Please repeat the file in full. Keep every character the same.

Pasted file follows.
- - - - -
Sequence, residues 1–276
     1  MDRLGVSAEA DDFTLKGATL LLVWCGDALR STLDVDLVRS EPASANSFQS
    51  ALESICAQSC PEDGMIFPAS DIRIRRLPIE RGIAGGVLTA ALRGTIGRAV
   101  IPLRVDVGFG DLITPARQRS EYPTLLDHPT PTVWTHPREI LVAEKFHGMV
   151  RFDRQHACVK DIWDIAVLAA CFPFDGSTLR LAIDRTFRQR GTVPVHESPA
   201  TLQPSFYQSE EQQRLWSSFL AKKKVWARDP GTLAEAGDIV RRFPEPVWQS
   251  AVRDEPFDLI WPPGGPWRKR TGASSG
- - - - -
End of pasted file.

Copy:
Sequence, residues 1–276
     1  MDRLGVSAEA DDFTLKGATL LLVWCGDALR STLDVDLVRS EPASANSFQS
    51  ALESICAQSC PEDGMIFPAS DIRIRRLPIE RGIAGGVLTA ALRGTIGRAV
   101  IPLRVDVGFG DLITPARQRS EYPTLLDHPT PTVWTHPREI LVAEKFHGMV
   151  RFDRQHACVK DIWDIAVLAA CFPFDGSTLR LAIDRTFRQR GTVPVHESPA
   201  TLQPSFYQSE EQQRLWSSFL AKKKVWARDP GTLAEAGDIV RRFPEPVWQS
   251  AVRDEPFDLI WPPGGPWRKR TGASSG